Authors: John Petronovich MD, Matthew Koeberl MD, Steven Denson MD, Joseph Budovec MD
Objectives: Provide clinicians with a basic knowledge of the technical factors involved in common fluoroscopic studies performed on the geriatric patient
Context: Geriatric patient in fluoroscopic studies
Action: Performing a fluoroscopic radiologic study on geriatric patients with varying degrees of mobility
Incidence/Prevalence: Though the use of fluoroscopy has declined over the past 20 years, it remains a unique tool for dynamic evaluation of anatomical structures. Swallow studies are the most commonly performed studies, which evaluate swallowing dynamics, as aspiration may occur in about 40%-50% of stroke patients. Swallow studies are also common in patients with neurological diseases such as Parkinson’s disease and dementia. Esophagrams evaluate a variety of symptoms, most importantly “presbyesophagus” (alterations in esophageal muscle function) in the geriatric patient. While upper GI studies and small bowel series are less frequently performed in the elderly, understanding of such procedures is important as certain pathologies (i.e. gastric ulcers, partial small bowel obstruction, gastroparesis and motility disorders) can be seen in the elderly. Barium enemas are less frequently performed today due to colonoscopy and CT colonography, but there are instances in which the barium enema remains a tool for evaluation of the colon.
Background: Clinicians should understand the necessary positioning and mobility requirements for patients undergoing a fluoroscopic study, as geriatric patients are more likely to have mobility and musculoskeletal constraints that limit the ability to perform ordered studies. Knowledge of positioning may help clinicians anticipate the benefit of each study in a particular patient.
Underlying Science: The breadth of pathology these studies evaluate is beyond the scope of this review. Fluoroscopy permits evaluation of dynamic organs in real time, allowing an understanding both of anatomy and function that may not be otherwise captured on static images. Fluoroscopy consists of real-time visualization of anatomic structures in motion. A continuous x-ray beam passes through the patient before projecting to a fluorescent screen where the light pattern is amplified and digitally recorded for viewing1. It is therefore useful in evaluating the physiologic movement of structures such as GI peristalsis.
Fluoroscopy Procedures: The positioning involved in common fluoroscopic studies are as follows:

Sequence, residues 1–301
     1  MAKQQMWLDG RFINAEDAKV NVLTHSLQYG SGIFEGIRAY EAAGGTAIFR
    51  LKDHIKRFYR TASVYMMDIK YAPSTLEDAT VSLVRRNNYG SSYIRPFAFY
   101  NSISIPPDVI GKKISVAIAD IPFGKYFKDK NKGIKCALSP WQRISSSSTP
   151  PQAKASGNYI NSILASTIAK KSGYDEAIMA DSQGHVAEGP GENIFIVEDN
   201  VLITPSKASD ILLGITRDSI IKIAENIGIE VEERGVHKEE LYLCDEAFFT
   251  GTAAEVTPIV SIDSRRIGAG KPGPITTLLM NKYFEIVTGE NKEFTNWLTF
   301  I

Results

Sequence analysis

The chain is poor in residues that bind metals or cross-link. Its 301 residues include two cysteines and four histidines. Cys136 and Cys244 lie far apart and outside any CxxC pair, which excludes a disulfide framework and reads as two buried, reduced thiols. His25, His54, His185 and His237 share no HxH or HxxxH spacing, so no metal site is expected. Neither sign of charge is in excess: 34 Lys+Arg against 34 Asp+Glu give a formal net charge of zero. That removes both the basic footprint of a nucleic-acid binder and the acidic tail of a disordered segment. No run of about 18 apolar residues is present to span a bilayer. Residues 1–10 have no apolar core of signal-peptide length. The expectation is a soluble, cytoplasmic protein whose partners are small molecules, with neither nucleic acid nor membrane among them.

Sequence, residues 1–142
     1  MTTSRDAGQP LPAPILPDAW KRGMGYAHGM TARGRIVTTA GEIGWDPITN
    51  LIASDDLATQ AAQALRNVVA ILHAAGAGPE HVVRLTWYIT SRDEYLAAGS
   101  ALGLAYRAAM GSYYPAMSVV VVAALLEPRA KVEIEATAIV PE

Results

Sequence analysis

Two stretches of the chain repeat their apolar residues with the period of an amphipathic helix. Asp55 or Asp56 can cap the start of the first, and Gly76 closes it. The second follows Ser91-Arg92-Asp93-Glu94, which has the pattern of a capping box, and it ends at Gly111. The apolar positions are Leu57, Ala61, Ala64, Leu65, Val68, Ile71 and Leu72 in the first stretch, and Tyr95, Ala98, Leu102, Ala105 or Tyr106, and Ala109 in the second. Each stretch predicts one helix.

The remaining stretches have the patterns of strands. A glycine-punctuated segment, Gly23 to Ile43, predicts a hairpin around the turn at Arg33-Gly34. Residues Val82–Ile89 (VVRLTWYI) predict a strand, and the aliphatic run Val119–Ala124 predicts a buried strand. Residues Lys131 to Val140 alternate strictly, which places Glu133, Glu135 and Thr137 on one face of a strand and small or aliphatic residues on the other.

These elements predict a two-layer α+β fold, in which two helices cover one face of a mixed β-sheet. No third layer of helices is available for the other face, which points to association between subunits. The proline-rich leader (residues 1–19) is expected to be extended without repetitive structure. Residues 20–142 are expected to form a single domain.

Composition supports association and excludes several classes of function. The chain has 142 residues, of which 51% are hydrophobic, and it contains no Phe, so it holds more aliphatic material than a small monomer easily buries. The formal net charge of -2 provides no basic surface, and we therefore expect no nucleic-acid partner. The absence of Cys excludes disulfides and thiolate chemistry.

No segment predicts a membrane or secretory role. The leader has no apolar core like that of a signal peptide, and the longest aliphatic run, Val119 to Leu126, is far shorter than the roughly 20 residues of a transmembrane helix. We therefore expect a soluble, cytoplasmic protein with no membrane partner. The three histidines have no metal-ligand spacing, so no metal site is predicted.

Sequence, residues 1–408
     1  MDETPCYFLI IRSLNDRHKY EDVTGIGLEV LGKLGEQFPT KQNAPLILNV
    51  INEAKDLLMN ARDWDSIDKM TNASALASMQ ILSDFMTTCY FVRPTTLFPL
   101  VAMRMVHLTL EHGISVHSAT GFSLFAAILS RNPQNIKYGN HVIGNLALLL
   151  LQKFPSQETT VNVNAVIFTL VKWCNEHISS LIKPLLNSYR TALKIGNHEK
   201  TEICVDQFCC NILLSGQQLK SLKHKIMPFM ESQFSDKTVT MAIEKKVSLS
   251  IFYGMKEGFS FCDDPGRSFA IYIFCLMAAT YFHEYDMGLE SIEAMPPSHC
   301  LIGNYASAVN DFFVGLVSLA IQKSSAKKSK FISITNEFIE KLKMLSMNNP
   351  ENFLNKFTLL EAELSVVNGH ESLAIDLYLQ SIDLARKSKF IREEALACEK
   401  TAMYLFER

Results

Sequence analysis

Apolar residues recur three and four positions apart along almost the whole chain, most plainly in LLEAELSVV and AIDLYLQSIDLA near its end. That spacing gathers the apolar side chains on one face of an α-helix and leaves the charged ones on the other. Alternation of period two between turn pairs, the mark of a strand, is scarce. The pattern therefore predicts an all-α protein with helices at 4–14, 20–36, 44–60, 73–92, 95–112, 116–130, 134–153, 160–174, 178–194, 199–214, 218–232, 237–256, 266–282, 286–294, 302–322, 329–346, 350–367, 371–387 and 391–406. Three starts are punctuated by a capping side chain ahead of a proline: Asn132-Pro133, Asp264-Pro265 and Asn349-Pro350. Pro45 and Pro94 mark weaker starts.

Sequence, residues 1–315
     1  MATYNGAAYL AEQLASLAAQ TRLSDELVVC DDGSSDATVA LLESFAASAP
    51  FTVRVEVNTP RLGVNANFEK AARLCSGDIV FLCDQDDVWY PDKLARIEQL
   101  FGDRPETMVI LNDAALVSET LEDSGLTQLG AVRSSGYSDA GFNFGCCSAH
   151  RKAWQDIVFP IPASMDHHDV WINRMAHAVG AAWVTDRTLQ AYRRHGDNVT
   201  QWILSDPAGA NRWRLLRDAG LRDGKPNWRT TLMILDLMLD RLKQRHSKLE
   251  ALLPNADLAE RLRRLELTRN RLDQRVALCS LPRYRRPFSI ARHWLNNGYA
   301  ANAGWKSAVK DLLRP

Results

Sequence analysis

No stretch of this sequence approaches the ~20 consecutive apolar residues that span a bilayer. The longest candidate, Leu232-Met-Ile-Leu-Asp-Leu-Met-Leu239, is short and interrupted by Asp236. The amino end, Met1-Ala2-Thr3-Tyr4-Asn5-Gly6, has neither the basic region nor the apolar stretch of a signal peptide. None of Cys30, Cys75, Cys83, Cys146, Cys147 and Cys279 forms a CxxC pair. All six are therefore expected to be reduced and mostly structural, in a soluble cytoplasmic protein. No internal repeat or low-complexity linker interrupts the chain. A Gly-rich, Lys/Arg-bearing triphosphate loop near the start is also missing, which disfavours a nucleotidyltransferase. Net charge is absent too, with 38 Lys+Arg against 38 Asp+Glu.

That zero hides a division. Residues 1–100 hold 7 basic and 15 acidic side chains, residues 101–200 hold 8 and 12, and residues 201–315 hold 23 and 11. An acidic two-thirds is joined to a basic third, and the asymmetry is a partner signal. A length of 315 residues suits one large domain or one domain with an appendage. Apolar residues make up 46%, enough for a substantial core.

Swallow Study: The patient is examined while seated in an upright position in a chair. The patient is presented with measured volumes of liquids with barium. If patient is immobile, the study can be performed in a wheelchair or lying on a cart with a back support that is elevated to a vertical position2.
Esophagram: The patient is imaged while in an upright, supine, and prone right anterior oblique position (on their right side, tilted approximately 45 degrees with their left (upper) knee forward to support their weight). As the patient will be drinking barium in all positions. As such, the patient must have the ability to tolerate lying prone and supine with manipulation of their hip and knee. Considerations should be made for patients with musculoskeletal problems such as scoliosis, lordosis, and degenerative disk disease, arthritis of the shoulder, back, hip, and knee, and similar conditions.
Upper GI series: The initial positioning is similar to the esophagram, examining the esophagus, stomach, and duodenum. The goal is to get adequate contrast lining of the mucosal surfaces of the esophagus and stomach. The patient is asked to perform at least two 360 degree turns, from supine to prone to supine. While this can be modified for the patient, it is important for the patient to know that this may be asked of them.
Small bowel series: The patient drinks barium and lies supine on a table with x-rays taken periodically thereafter. Total duration is variable, as the contrast is followed until it is in the cecum. The test frequently takes over 2 hours to complete. The patient must be able to lie supine, but is frequently asked to lie on his/her side and in the prone position.
Barium enema: Patient placed in right/left lateral decubitus (on their side) position. Barium is instilled through the rectum. The patient is asked to turn and lie in right/left posterior oblique (on their side, tilted backward approximately 45 degrees, with a pillow or blanket to support this position), prone, lateral decubitus, and supine positions as necessary to fill and image the colon in its entirety. The patient needs to maintain fecal continence.
ACGME Competencies: Patient care, Practice-based learning and improvement, Medical Knowledge
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Author Affiliation: Medical College of Wisconsin, Milwaukee, Wisconsin.
Geriatric Fast Facts are edited by the faculty of the Geriatric Education Teams (GETS) program funded by the Reynolds Foundation, Kathryn Denson, MD, Steven Denson, MD, & Edmund Duthie, MD from the Division of Geriatrics, Medical College of Wisconsin, and are published by the Geriatric Fast Facts Website at the Medical College of Wisconsin. For more information write Kathryn Denson, MD. More information, as well as the complete set of Fast Facts, available at www.mcw.edu/Geriatric-Fast-Facts.htm
Copyright/Referencing Information: Users are free to download and distribute Geriatric Fast Facts for educational purposes only. Citation: John Petronovich MD, Matthew Koeberl MD, Steven Denson MD, Joseph Budovec MD, Fast Fact #30: Fluoroscopy, April 2013.
Geriatric Fast Facts, available at www.mcw.edu/Geriatric-Fast-Facts.htm
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